There are two kinds of distortion that can result from a heat-treating process in steel: dimensional distortion and shape distortion.
Dimensional Distortion can take place upon heating when steel parts change volume as they change crystal structure. When heated parts are quenched, their internal crystal structure changes again. When the quenched parts are tempered, the resulting volume change may not be sufficient to offset the changes from the prior heating and transformations. This change of volume can cause dimensional distortion.
The rule of thumb that I have used for medium carbon alloy steels is to expect a change in linear dimensions of about 0.125 percent maximum. That is, one eighth of a percent of the linear dimensions could be the change encountered from heat treatment and quench. It generally is less, but 0.125 percent gives me a rule of thumb to evaluate capability to hold dimensions after heat treat.
Shape Distortion (warpage) as a result of heat treatment is a result of processing or design issues rather than the expected phase changes of the material.
Eight reasons steel parts can warp upon quench and tempering:
1. Rapid heating
3. Non-uniform heating
4. Non-uniform cooling
5. Non-uniform agitation
6. Water contamination in oil
7. Large changes of mass and section
8. Asymmetric features
Rapid heating can cause stresses to develop in parts because of excessive temperature gradients. Overheating similarly lowers mechanical properties, potentially leading to parts sagging or creeping depending on orientation in the furnace. Non-uniform heating also creates differences in properties within the parts as well as leading to incomplete transformation products or hybrid structures upon quenching. Non-uniform cooling allows unbalanced stresses to develop during the quench, as does non-uniform agitation of quench medium. Often, non-uniform heating or cooling result from the way parts are stacked or piled in the basket or on the belt such that gradients of temperature are created. Water contamination in oil is difficult to figure out, but in addition to warped parts, inconsistent hardness readings between parts or on the same part are a sign of this. Parts with large section changes or that have asymmetric features are also more likely to warp than parts with balanced and uniformly distributed mass, regardless of process control.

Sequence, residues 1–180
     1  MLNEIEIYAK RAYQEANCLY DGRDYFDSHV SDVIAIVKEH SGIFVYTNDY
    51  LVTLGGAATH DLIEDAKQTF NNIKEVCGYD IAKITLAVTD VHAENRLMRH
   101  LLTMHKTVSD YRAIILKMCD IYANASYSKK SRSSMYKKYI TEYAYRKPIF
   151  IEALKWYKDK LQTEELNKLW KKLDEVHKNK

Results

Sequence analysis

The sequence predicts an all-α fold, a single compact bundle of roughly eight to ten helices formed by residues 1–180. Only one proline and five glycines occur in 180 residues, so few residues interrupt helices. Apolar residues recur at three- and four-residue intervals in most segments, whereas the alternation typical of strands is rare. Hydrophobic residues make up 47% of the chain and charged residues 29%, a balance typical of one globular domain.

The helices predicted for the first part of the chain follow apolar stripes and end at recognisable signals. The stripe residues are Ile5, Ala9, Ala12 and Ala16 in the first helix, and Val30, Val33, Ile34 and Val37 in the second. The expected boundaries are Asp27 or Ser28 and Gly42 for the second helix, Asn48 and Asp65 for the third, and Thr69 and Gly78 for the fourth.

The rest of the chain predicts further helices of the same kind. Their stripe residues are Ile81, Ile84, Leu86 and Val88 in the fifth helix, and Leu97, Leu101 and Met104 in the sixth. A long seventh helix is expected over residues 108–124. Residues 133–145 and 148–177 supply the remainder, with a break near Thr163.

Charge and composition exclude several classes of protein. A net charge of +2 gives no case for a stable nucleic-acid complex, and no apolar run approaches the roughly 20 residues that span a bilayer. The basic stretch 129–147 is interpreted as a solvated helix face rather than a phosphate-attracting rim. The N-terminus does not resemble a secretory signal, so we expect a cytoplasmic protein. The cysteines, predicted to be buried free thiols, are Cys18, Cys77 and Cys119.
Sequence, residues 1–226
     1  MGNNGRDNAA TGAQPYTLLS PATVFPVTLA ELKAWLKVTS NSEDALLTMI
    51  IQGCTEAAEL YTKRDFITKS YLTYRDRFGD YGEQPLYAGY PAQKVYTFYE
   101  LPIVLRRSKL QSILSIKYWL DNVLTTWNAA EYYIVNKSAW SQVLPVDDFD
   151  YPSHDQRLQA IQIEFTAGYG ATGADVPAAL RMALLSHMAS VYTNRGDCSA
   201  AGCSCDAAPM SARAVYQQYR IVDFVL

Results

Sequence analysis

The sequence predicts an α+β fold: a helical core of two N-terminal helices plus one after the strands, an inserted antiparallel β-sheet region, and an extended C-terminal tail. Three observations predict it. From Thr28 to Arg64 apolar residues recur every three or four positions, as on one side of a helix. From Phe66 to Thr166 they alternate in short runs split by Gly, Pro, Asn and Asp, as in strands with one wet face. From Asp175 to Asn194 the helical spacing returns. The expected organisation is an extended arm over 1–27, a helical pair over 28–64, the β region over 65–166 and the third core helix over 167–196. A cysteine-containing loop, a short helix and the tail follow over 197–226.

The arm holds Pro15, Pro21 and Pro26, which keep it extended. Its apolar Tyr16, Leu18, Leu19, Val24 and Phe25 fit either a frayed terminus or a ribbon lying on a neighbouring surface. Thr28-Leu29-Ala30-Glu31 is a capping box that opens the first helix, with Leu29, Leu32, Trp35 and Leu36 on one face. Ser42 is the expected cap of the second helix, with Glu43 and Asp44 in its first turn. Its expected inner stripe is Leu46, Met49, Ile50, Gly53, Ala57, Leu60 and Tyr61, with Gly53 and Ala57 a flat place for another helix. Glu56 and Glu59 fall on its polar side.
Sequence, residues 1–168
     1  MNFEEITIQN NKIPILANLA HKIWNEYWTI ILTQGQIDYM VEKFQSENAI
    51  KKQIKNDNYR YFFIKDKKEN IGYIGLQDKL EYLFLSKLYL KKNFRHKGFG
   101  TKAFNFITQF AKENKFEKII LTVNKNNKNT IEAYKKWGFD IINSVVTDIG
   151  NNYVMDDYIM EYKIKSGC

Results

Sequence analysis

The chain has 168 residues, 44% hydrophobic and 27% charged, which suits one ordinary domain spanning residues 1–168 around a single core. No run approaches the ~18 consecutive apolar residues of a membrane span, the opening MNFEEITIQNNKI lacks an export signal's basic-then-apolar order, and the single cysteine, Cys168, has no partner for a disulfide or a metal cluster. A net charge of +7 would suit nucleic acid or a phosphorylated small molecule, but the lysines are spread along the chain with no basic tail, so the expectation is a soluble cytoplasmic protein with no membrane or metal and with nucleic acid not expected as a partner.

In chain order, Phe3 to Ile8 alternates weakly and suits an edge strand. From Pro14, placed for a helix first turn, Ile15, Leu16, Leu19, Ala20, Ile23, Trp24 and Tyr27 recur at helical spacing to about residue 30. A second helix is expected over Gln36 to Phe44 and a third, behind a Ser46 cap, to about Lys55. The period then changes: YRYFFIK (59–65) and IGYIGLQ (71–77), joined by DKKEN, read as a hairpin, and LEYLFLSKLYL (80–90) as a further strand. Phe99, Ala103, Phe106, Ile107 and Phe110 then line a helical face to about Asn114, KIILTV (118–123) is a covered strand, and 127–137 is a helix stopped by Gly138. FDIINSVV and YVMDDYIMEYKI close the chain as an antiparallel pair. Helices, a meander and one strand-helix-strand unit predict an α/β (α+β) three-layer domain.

Choosing steels with higher hardenability (alloys rather than plain carbon steels) and finer grain size and paying attention to the details of loading, time at temperature and quenchant delivery are all steps that can minimize shape distortion, even when part design is less than optimum.